Take the 2-minute tour ×
Stack Overflow is a question and answer site for professional and enthusiast programmers. It's 100% free, no registration required.

I'am taking a course in complexity theory,and so it's need some mathematical background which i have a problem,. so while i'am trying to do some practicing i stuck in the bellow example

1)  for (i = 1; i < n; i++) {
2)      SmallPos = i;
3)      Smallest = Array[SmallPos];
4)      for (j = i+1; j <= n; j++)   
5)          if (Array[j] < Smallest) {
6)              SmallPos = j;
7)              Smallest = Array[SmallPos]  
            }   
8)       Array[SmallPos] = Array[i];
9)       Array[i] = Smallest;
    }

Thus, the total computing time is:

T(n)    = (n) + 4(n-1) + n(n+1)/2 – 1 + 3[n(n-1) / 2]
        = n  + 4n - 4 + (n^2 + n)/2 – 1 + (3n^2 - 3n) / 2
        = 5n - 5 + (4n2 - 2n) / 2
        = 5n - 5 + 2n^2 - n
        = 2n^2 + 4n - 5 
        = O(n^2)

and what i don't understand or confused about line 4 analyzed to n(n+1)/2 – 1, and line 5 3[n(n-1) / 2]. i knew that the sum of positive series is =n(first+last)/2 ,but when i tried to calculate it as i understand it it gives me different result. i calculate for line no 4 so it shoulb be =n((n-1)+2)/2 according to n(first+last)/2 ,but here it's n(n+1)/2 – 1. and same for 3[n(n-1) / 2].....i don't understand this too

also here's what is written in the analysis it could help if anyone can explain to me,

Statement 1 is executed n times (n - 1 + 1); statements 2, 3, 8, and 9 (each representing O(1) time) are executed n - 1 times each, once on each pass through the outer loop. On the first pass through this loop with i = 1, statement 4 is executed n times; statement 5 is executed n - 1 times, and assuming a worst case where the elements of the array are in descending order, statements 6 and 7 (each O(1) time) are executed n - 1 times.

On the second pass through the outer loop with i = 2, statement 4 is executed n - 1 times and statements 5, 6, and 7 are executed n - 2 times, etc. Thus, statement 4 is executed (n) + (n-1) +... + 2 times and statements 5, 6, and 7 are executed (n-1) + (n-2) + ... + 2 + 1 times. The first sum is equal to n(n+1)/2 - 1, and the second is equal to n(n-1)/2.

Thus, the total computing time is:

T(n)    = (n) + 4(n-1) + n(n+1)/2 – 1 + 3[n(n-1) / 2]
        = n  + 4n - 4 + (n^2 + n)/2 – 1 + (3n^2 - 3n) / 2
        = 5n - 5 + (4n2 - 2n) / 2
        = 5n - 5 + 2n^2 - n
        = 2n^2 + 4n - 5 
        = O(n^2)

here's the link for the file containing this example: http://www.google.com.eg/url?sa=t&rct=j&q=Consider+the+sorting+algorithm+shown+below.++Find+the+number+of+instructions+executed+&source=web&cd=1&cad=rja&ved=0CB8QFjAA&url=http%3A%2F%2Fgcu.googlecode.com%2Ffiles%2FAnalysis%2520of%2520Algorithms%2520I.doc&ei=3H5wUNiOINDLswaO3ICYBQ&usg=AFQjCNEBqgrtQldfp6eqdfSY_EFKOe76yg

share|improve this question
1  
And your question is? –  Scott Hunter Oct 6 '12 at 20:23
    
What's the question? –  Robert Oct 6 '12 at 20:23
    
T(n) = O(n^2) is not syntatically correct, it should be: T(n) is in O(n^2), since O(n^2) is a set of functions. –  amit Oct 6 '12 at 20:58

1 Answer 1

up vote 1 down vote accepted

line 4: as the analysis says, it is executed n+(n-1)+...+2 times. This is a sum of (n-1) terms. In the formula you use, n(first+last)/2, n represents the number of terms. If you apply the formula to your sequence of n-1 terms, then it should be (n-1)((n)+(2))/2=(n²+n-2)/2=n(n+1)/2-1.

line 5: the same formula can be used. As the analysis says, you have to calculate (n-1)+...+1. This is a sum of n-1 terms, with the first and last being n-1 and 1. The sum is given by (n-1)(n-1+1)/2. The factor 3 is from the 3 lines (5,6,7) that are each being done (n-1)(n)/2 times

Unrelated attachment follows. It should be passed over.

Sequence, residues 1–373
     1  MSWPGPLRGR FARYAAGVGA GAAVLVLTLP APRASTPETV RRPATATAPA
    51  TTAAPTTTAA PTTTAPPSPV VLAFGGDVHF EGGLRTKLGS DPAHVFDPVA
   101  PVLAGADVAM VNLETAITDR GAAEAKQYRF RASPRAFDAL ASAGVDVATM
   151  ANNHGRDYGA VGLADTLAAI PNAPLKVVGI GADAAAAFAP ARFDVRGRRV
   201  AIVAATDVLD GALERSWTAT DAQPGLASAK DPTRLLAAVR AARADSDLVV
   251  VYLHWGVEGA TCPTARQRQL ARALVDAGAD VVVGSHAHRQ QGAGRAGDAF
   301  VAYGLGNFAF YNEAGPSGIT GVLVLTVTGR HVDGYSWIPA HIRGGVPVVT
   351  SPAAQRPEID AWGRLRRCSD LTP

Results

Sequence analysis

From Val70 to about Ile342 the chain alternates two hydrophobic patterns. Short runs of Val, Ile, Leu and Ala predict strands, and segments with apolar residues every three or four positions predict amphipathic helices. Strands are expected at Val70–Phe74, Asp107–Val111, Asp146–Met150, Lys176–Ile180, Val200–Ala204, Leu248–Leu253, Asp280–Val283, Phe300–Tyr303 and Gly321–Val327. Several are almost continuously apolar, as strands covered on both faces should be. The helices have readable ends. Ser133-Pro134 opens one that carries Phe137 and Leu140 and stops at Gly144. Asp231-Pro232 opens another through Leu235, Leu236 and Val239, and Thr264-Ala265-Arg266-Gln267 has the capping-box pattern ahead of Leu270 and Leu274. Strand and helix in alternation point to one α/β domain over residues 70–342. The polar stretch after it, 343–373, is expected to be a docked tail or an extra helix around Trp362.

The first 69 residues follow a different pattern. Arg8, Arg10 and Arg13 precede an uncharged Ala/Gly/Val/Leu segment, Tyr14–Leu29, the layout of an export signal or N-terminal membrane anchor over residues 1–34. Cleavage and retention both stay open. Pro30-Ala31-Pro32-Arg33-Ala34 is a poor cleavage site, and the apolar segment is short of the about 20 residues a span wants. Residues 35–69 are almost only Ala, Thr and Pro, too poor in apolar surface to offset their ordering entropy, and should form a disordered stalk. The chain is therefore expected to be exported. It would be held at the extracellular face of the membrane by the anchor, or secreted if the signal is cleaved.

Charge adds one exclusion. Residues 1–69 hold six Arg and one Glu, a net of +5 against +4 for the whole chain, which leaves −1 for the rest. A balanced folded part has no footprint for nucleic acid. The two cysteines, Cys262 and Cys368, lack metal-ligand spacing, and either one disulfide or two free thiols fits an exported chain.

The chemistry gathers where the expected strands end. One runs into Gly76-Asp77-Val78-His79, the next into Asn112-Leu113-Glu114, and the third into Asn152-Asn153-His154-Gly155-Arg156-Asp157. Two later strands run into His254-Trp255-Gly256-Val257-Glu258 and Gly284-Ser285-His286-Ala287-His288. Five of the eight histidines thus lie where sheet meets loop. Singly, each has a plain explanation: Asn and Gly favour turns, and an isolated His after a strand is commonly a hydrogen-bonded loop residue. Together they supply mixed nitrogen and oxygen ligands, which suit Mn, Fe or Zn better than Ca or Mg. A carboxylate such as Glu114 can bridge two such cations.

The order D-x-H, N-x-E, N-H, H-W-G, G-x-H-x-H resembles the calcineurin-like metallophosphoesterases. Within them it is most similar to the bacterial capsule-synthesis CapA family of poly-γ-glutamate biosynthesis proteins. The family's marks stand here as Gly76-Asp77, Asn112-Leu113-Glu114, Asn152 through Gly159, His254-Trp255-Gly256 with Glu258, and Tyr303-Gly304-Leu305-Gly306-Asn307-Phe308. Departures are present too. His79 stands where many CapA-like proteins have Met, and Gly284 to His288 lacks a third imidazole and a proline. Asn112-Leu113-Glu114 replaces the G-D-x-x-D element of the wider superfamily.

share|improve this answer
    
now i understand line 4 how it's calculated ,but I've question in line 5 why a sum of n-1 terms for (n-1)+...+1. why it's not n+(n-1)+...+2,since this is in the for loop starting at 2 to n. –  HATEM EL-AZAB Oct 7 '12 at 6:48
    
also in line 4 i think something is missed there must be one additional check is required which will terminate the loop.where it is. –  HATEM EL-AZAB Oct 7 '12 at 6:52
1  
line 5: in your first inner loop, j will assume all values for 2 to n. For each value in that loop, you will execute line 5 1 time. In the formula (n-1)+...+1 you are actually calculating how many times (in total) line 5 is executed by counting the number of times it is executed during each loop: n-1 times in the first loop (for i=1), n-2 times for i=2... If you do n+n-1+...+2 you are summing all j-values, while you want to be summing the number of times line 5 is executed. –  Origin Oct 7 '12 at 9:13
1  
Concerning the for loop evaluation, it is indeed true the boolean expression will be checked each time the loop is performed (when it yields true) + 1 time at the end (when it will yield false). However, in analysing complexity, every statement is considered the same (a simple increment line adds 1 to the total count, the same as an exponentiation or even more complicated things) while they are clearly not the same. Thats why, usually, we are only interested in the O(n)-nature and dont care about that 1 extra check (because breaking down each statement would leads us too far) –  Origin Oct 7 '12 at 9:26
    
what you mean is for example if i've a sequence of positive numbers 1,2,3,4,5 : for i=1->j=2,3,4,5, for i=2->j=3,4,5, for i=3->j=4,5,and for i=4-> j=5 so the line 5 will be exceuted 4+3+2+1=10 times and that's matched the sequence (n-1)+...+1,on the opposite side if i considered the sequence n+n-1+...+2 ,it will be the sum of 2+3+4+5=14 times which is not true....is that what u meant. –  HATEM EL-AZAB Oct 7 '12 at 11:40

Your Answer

 
discard

By posting your answer, you agree to the privacy policy and terms of service.

Not the answer you're looking for? Browse other questions tagged or ask your own question.